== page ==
TargetCard

TEXT OF STORY

SCOTT JAGOW: We've all been asked at the checkout counter if we want the store credit card.'No thanks,' most of us say. Unless we're at Target, apparently. Target is the first retailer to crack the top 10 list of credit card issuers. Stacey Vanek-Smith has more.

STACEY VANEK-SMITH: Would you like to save 10 percent on your purchase today by opening a credit card with us?

That has been the $5.5 billion question for Target. And more money is likely on the way, thanks to new bankruptcy laws.

Personal Finance Expert Jordan Goodman:

JORDAN GOODMAN: In the past, consumers could run up a lot of debt and forsake the debt through bankruptcy. The bankruptcy law which went into effect last October basically forecloses that option for most Americans.

In fact, most retailers, like Sears, sold off their credit divisions partly to avoid costly defaults. Now that that risk is gone, Goodman expects more retailers to issue their own cards.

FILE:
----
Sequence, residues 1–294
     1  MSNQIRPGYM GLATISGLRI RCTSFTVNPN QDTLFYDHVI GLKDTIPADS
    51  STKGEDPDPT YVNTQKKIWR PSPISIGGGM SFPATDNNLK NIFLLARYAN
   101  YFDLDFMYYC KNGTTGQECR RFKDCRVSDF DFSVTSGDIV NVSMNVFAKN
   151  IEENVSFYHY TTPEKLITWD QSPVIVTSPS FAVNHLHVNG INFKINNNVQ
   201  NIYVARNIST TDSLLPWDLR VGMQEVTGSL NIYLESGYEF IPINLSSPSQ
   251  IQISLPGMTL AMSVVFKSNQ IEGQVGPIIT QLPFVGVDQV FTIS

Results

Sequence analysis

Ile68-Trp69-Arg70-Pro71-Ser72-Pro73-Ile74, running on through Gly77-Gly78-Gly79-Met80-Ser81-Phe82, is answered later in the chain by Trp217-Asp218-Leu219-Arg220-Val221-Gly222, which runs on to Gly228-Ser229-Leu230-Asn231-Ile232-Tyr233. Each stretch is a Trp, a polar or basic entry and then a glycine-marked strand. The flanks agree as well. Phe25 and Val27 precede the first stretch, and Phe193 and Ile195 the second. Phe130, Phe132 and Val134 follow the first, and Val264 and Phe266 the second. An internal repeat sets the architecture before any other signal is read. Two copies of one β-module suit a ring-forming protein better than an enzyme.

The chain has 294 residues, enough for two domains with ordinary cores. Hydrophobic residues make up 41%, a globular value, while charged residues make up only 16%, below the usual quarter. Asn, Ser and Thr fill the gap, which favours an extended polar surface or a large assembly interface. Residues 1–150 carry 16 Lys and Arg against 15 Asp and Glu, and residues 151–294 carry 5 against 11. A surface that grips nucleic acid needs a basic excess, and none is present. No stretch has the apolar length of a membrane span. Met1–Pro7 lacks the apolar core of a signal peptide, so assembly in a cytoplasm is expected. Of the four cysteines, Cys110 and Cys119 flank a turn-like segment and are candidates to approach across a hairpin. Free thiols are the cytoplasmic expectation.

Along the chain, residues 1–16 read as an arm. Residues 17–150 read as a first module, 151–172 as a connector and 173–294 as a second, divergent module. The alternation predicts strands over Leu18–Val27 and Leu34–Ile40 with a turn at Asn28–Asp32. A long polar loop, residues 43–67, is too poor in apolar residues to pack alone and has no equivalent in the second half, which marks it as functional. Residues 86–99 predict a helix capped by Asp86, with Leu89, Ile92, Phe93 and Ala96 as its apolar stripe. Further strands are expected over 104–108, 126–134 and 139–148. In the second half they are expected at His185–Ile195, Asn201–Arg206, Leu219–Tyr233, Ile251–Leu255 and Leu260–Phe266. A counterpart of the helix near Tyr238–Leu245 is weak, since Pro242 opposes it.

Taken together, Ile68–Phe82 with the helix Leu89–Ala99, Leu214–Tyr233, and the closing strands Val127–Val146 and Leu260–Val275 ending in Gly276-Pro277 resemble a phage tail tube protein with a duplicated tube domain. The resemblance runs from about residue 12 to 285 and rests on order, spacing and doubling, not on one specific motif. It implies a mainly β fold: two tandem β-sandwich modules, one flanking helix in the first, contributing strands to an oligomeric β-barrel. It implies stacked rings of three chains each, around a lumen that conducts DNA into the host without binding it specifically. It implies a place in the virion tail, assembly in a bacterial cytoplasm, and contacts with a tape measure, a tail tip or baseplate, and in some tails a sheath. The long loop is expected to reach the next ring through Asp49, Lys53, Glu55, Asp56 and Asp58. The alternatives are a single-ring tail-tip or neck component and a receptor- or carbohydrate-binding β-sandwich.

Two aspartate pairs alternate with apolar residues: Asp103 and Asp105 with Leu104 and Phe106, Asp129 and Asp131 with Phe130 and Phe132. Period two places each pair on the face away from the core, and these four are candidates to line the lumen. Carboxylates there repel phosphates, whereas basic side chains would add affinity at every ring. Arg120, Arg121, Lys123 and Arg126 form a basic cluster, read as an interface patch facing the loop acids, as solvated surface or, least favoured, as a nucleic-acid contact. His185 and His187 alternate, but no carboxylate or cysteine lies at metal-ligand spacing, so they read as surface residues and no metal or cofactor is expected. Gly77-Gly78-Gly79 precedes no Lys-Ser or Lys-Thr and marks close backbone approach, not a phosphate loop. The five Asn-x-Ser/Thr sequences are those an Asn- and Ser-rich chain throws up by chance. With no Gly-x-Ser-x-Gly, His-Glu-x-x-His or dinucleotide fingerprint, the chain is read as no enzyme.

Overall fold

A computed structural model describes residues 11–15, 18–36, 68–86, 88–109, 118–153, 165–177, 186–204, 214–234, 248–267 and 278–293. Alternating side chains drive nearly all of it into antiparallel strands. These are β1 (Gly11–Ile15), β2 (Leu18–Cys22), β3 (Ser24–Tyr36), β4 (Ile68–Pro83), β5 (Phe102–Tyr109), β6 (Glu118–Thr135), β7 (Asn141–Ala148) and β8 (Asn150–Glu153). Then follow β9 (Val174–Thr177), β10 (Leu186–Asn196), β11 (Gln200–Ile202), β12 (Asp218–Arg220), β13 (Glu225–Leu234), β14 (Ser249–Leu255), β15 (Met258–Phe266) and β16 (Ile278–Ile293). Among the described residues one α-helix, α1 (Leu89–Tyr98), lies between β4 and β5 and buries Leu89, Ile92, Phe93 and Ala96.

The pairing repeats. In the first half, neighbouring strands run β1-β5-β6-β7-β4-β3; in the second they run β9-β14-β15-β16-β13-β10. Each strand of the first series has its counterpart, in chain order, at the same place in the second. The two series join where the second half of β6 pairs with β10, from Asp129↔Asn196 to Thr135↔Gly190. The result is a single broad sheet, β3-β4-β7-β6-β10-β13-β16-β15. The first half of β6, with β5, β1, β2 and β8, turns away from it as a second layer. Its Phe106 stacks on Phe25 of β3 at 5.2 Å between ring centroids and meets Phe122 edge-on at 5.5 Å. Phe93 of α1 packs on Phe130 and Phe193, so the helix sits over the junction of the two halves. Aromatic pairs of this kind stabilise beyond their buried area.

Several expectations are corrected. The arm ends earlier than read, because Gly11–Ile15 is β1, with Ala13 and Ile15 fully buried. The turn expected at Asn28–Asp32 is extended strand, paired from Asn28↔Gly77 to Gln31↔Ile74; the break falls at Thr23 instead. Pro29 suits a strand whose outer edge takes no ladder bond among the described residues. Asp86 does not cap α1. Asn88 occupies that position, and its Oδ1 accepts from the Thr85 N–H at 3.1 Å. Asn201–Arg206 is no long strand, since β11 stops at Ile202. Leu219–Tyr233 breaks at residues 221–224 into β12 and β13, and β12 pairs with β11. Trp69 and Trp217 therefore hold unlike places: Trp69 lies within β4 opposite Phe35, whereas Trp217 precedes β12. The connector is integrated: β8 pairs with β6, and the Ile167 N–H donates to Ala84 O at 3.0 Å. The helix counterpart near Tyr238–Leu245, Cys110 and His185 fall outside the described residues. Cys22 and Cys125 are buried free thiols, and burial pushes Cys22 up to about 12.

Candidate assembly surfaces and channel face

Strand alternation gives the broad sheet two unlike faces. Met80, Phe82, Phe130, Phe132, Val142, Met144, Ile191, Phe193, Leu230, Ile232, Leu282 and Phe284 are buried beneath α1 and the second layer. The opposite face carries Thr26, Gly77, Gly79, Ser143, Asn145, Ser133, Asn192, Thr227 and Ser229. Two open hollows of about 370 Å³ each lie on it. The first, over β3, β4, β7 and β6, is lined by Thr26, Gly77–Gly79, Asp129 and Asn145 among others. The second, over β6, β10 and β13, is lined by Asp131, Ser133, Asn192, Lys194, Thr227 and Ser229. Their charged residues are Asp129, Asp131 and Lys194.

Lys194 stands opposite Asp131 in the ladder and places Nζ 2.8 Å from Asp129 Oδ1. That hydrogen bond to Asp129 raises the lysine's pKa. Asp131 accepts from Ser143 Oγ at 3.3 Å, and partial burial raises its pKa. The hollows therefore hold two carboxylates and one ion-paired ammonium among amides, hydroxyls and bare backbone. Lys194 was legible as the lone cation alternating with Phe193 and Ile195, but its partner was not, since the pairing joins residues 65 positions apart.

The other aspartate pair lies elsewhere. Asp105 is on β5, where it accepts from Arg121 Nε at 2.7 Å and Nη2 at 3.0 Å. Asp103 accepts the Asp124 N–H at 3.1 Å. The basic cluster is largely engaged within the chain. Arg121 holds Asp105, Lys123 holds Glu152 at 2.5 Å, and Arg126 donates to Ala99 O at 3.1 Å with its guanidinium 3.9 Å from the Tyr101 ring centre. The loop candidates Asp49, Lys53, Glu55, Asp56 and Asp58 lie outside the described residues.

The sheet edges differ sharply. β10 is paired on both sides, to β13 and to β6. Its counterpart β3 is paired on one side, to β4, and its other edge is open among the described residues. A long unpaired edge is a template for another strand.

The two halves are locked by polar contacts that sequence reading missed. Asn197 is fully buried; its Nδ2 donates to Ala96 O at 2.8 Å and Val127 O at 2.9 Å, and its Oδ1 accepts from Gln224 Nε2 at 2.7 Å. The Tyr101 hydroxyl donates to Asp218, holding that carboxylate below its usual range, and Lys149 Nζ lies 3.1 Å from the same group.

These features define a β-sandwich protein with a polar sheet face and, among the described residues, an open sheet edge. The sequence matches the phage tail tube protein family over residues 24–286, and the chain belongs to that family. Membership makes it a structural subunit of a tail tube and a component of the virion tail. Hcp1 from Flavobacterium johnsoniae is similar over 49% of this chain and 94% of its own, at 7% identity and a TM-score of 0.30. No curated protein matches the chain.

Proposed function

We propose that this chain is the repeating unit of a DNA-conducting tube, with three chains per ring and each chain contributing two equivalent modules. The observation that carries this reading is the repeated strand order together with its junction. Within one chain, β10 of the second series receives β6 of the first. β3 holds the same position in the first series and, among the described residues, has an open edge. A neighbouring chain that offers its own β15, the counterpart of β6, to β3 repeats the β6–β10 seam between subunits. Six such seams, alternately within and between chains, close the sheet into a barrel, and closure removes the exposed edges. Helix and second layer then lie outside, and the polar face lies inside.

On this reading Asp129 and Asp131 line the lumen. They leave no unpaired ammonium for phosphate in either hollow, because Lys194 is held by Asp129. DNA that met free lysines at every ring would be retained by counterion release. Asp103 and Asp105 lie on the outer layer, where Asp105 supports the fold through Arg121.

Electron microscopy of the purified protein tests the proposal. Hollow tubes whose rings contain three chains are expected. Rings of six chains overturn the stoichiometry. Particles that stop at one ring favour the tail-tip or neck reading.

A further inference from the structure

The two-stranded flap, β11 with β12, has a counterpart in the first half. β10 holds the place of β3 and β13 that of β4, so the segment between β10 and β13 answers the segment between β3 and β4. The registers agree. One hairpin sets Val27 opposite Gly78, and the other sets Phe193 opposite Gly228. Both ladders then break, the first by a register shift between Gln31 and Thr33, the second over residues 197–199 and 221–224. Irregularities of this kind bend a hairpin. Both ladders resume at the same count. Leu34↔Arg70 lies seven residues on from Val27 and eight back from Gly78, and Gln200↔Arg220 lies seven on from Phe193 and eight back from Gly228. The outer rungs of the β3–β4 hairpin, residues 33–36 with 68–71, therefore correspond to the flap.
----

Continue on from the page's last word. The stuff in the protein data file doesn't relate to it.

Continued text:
GOODMAN: Well, the retailers hook you in it the first time to get you the 10 percent off, charge you 23 percent and then don't let you get away from bankruptcy. Sounds like a good business to me.

Especially good because retailers usually charge higher interest rates than regular cards, but they can offer incentives to attract customers, like discounts and promotions.

I'm Stacey Vanek-Smith for Marketplace.

About the author

Stacey Vanek Smith is a senior reporter for Marketplace, where she covers banking, consumer finance, housing and advertising.

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